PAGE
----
Frequently Asked Questions about the Medical-Psychiatric Coordinating Physician Method (MPCP)

Q. Yet another professional on the treatment team? Doesn’t that increase complexity, and lead to more fragmentation and disorganization?

A. The MPCP’s job is in fact to reduce complexity by designating a single person to organize and manage the treatment. When an MPCP takes over a case, the situation is usually already quite complex and disorganized. The MPCP takes charge of the entire case, sets goals, makes sure these are being met, and monitors utilization of resources.

Facility with, and attention to, coordination of care and resource utilization is a key part of the MPCP’s responsibility. The result of using an MPCP is invariably to pull together and organize the treatment.

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Q. Why is an MPCP team leader required to be an MD?

A. (1) The training of physicians centers around identifying and managing critical factors in complex clinical situations. No other health care professional is trained to deal with and take responsibility for situations with this level of complexity and urgency.

(2) Clinically complex cases almost always have an associated medical, or at least a biological, aspect. Medical training explicitly prepares the MPCP to deal with and understand both.

(3) The team leader in complex cases needs to be able to communicate with other medical professionals on the treatment team, and with consultants at their own level of sophistication. Cogency and respect count heavily in executing this role.

While using a physician as team leader may add initial expense, overall costs for MPCP physician-led work with difficult to manage, clinically complex patients are apt to be less over time than for a process led by a non-physician. Physicians are equipped to make rapid and accurate decisions about treatment situations involving clinically complex medical and psychiatric issues.

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Q. What are the differences between the appropriateness and use of the MPCP method in a private practice environment versus an institutional setting, e.g., an outpatient clinic?

A. Institutional settings have their own, often clearly delineated, structures, rules, communication capabilities, and allocation of resources. (See the next question for more elaboration.) The MPCP’s work in these settings can usually be restricted to a delineated group of complex patients.

In the independent practice environment, the MPCP’s charge may be broader and more diffuse than in an institutional (clinic) or managed care setting. The emphasis in independent practice situations is still on the complexity of the case and the involvement of multiple professionals, as it is within more structured settings. In both situations, the MPCP has the same broad supervisory role and responsibility for outcome. However, consider the example of an MPCP in independent practice, with training in child and adolescent psychiatry, taking on the case of an adolescent with chronic school failure and deviant behavior. In this situation, the MPCP might work with the patient, family, and school, as well as learning specialists. The MPCP’s general medical and psychiatric training would also allow that person to work with associated medical professionals and participate in decisions about medication. However, medical-psychiatric co-morbidity would be much less evident than in cases typically encountered within structured settings. This is an example of the type of case which an institutionally-based MPCP is not likely to engage in.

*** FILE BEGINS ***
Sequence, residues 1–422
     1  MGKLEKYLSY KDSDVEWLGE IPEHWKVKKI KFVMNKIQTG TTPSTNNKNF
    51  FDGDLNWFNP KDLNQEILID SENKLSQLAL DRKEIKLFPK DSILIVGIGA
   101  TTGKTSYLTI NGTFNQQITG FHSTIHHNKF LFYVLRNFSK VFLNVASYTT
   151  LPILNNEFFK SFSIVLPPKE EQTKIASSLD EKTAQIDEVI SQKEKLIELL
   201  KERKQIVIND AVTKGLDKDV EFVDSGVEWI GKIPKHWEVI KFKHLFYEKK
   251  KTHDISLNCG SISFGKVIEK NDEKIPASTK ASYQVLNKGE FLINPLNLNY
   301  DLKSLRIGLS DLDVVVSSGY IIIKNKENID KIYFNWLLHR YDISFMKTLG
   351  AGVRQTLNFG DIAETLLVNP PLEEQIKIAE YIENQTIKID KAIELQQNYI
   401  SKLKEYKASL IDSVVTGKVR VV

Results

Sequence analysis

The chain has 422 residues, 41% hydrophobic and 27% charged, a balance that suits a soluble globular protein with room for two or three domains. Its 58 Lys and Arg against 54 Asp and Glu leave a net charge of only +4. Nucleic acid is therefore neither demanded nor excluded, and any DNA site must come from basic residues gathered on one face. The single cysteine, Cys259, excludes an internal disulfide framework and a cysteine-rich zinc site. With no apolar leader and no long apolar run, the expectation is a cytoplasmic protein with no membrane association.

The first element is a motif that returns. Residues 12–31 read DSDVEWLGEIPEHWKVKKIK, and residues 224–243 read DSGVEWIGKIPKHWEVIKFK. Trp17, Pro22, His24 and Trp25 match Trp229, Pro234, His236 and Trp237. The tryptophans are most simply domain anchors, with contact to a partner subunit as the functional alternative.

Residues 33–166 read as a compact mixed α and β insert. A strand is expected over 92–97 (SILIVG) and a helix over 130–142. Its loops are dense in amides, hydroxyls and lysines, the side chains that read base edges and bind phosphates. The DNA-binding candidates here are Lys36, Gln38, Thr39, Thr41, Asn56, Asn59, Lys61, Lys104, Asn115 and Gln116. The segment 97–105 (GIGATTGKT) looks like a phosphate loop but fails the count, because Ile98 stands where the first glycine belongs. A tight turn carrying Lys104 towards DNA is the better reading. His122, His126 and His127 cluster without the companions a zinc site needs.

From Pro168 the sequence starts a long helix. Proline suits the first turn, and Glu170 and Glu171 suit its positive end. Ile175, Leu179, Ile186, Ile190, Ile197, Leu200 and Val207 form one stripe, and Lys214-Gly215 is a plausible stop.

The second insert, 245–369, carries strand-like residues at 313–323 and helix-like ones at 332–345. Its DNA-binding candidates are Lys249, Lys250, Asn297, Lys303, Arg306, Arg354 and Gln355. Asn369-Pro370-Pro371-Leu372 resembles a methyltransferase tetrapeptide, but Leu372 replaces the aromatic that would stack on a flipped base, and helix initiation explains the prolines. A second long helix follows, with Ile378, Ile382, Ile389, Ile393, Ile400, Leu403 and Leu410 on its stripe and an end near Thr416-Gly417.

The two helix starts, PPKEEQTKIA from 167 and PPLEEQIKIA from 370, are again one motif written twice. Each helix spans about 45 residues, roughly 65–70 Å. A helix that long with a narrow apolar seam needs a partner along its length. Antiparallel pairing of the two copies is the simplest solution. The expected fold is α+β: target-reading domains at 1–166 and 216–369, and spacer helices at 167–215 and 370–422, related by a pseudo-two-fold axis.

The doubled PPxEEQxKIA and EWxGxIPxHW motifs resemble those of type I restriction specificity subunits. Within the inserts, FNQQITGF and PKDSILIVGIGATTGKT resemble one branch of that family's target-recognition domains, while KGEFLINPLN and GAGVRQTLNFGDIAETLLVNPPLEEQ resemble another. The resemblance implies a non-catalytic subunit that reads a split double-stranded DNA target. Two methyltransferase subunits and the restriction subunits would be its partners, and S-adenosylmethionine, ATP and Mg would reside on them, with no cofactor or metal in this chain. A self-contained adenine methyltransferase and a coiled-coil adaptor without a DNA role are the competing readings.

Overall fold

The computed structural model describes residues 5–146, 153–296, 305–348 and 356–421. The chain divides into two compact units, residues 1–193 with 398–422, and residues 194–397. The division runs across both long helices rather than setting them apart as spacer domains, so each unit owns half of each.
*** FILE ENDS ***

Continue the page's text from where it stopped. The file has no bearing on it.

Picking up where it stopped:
MPCPs practicing in the private sector are likely to have a more general practice than those operating in institutional or managed care settings and these physicians are likely to be called upon to provide a broader spectrum of functions.

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Q. How does the MPCP model fit into current systems of care delivery?

A. The MPCP model is ideal for incorporation into closed systems like HMOs and university-based clinics where multiple disciplines are housed within the same organization but are not necessarily integrated or coordinated with one another. In these situations, MPCP care would have to be configured to fit within that system e.g., the make-up of its staff, and availability of appropriate resources.